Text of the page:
You can search for tabs, filter them, group them, view all of them at once, eliminate duplicates, and close groups of tabs, just to name a few features. The user interface could use a visual update (this is an open-source version of an extension that was abandoned in 2018) but it is incredibly intuitive, and the developers have done a solid job of updating it since the release. If any aspect of your job requires online research, you will find Tab Manager Plus to be a huge help keeping topics organized.

Add Tab Manager Plus to Chrome

Evernote Web Clipper

(Image credit: Evernote)

Evernote is an incredibly deep service that offers extensive research and organizational tools, but we'll specifically highlight the Web Clipper Chrome extension. This is a natural fit for Evernote, your digital notebook for everything, giving you an easy way to capture content that you find online and save it to one of your notebooks. 

Web Clipper gives you the option to save full web pages or only sections, like a single story or article. You can also use it to annotate screenshots with text, arrows, a pen tool, or even blur out sensitive info if necessary. This will all sync back to your Evernote account with the ability to save it to a specific notebook along with tags to help you classify it and a remarks section if you want to remind yourself why you captured it in the first place. Finally, there is an easy share function if you want to send what you captured to someone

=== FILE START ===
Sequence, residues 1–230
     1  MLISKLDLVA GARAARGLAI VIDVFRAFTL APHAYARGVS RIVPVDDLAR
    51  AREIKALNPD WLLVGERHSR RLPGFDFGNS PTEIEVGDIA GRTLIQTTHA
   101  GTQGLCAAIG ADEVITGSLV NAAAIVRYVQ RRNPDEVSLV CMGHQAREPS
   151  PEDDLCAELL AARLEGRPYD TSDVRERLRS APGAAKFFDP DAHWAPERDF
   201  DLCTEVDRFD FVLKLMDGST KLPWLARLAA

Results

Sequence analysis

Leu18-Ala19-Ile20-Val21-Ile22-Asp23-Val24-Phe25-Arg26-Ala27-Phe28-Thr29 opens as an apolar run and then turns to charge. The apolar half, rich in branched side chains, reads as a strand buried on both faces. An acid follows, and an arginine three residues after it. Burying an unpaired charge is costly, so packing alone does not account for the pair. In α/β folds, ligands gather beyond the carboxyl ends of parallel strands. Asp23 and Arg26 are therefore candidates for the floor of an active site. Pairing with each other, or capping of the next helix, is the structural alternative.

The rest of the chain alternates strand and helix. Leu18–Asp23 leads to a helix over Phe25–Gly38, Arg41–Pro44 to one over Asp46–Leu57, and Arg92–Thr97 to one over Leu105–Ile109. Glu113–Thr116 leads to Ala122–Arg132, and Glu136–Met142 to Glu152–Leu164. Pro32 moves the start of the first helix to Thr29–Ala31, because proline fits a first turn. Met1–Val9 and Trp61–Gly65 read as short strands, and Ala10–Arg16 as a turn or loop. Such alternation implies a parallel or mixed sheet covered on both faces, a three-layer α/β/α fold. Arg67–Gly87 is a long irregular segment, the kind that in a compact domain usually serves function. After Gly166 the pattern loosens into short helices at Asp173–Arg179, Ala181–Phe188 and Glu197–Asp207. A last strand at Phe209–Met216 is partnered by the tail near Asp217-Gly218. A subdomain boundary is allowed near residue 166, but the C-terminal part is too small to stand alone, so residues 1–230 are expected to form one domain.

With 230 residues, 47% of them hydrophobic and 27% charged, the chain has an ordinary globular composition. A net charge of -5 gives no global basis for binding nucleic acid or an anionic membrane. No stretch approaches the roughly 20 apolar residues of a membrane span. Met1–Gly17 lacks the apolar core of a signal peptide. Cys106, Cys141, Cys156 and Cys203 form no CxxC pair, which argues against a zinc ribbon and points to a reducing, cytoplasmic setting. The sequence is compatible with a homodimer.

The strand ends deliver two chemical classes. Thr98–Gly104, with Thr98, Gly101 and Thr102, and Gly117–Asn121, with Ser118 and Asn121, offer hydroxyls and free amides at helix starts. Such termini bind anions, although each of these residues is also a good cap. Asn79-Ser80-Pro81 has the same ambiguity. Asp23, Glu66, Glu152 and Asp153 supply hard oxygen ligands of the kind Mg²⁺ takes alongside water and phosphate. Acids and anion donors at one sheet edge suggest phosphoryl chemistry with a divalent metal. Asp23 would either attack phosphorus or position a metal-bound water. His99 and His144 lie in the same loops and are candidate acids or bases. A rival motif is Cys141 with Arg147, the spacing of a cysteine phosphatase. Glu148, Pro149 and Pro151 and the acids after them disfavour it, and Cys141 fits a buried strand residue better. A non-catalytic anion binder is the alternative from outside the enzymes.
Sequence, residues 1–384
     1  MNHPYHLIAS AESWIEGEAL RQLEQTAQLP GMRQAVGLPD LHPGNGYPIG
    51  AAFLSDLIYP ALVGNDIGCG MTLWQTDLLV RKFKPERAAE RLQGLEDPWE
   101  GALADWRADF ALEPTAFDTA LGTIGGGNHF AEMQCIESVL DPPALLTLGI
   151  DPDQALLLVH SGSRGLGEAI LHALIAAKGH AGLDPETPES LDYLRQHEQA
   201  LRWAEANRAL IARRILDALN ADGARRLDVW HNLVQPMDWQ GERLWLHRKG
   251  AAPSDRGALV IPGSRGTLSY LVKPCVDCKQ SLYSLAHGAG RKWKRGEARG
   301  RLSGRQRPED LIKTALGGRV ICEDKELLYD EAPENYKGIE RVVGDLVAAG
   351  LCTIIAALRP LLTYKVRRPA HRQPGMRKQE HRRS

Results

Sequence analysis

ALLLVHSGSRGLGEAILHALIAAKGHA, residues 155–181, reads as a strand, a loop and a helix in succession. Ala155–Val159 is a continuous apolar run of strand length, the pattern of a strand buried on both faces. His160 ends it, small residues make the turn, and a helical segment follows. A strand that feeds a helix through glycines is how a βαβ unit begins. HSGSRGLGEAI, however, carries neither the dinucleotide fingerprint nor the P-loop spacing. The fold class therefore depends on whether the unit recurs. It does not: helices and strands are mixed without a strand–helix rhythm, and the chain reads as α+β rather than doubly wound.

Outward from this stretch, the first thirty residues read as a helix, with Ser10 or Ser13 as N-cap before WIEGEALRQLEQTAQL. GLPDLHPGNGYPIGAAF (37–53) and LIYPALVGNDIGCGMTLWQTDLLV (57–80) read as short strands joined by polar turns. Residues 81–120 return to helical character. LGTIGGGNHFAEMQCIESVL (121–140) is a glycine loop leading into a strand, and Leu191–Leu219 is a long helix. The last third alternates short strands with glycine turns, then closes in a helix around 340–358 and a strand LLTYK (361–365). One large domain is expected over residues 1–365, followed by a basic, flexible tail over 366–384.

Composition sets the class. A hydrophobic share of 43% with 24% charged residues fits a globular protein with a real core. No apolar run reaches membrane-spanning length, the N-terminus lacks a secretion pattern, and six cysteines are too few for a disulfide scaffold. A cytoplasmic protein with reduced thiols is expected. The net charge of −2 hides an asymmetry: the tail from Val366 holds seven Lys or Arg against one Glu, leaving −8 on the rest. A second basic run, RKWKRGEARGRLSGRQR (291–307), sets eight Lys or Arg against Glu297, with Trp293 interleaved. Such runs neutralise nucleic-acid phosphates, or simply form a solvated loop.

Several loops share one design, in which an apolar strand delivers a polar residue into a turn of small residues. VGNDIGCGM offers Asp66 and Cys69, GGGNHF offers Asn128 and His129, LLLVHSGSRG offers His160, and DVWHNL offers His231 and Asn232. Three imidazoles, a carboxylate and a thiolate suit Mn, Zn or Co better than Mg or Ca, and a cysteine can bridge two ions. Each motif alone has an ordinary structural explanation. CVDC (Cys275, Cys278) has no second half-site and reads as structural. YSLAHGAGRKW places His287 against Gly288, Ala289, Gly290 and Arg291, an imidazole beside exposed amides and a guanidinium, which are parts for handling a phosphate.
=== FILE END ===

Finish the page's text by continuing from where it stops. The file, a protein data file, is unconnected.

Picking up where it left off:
All of that functionality is covered by the free account; the one feature Evernote frustratingly reserves for Premium users is syncing across all of your devices. At $7.99 a month, Evernote Premium isn’t cheap, but it offers a wealth of features beyond what I’ve mentioned here, including searching for text within PDFs or Office Docs in your notebooks, PDF annotation, integrations with Google Drive, Outlook, Slack and Microsoft Team and more. If you want to make this your primary research tool, it’s worth the cost.

Add Evernote Web Clipper to Chrome